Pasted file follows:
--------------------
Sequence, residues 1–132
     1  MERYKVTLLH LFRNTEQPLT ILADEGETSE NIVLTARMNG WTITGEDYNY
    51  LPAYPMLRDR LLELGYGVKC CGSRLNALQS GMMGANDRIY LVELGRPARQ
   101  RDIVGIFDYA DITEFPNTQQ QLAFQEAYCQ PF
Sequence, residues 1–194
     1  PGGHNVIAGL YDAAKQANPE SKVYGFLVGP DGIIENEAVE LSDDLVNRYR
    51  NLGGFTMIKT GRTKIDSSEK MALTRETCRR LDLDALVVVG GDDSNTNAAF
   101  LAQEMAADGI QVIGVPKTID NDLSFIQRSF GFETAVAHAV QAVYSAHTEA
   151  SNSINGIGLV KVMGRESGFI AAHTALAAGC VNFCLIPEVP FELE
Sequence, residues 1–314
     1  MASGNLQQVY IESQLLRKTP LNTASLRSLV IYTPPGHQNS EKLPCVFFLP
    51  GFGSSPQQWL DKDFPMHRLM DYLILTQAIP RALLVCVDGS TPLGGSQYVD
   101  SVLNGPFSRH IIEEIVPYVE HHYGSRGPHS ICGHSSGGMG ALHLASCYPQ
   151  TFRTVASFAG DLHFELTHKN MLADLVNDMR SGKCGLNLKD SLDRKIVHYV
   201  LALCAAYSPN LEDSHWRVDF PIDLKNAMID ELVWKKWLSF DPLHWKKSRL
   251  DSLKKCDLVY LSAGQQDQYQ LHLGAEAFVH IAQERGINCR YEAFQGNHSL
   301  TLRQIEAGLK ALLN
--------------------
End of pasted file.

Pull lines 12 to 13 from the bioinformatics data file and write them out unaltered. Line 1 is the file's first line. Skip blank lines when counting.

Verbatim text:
    51  GFGSSPQQWL DKDFPMHRLM DYLILTQAIP RALLVCVDGS TPLGGSQYVD
   101  SVLNGPFSRH IIEEIVPYVE HHYGSRGPHS ICGHSSGGMG ALHLASCYPQ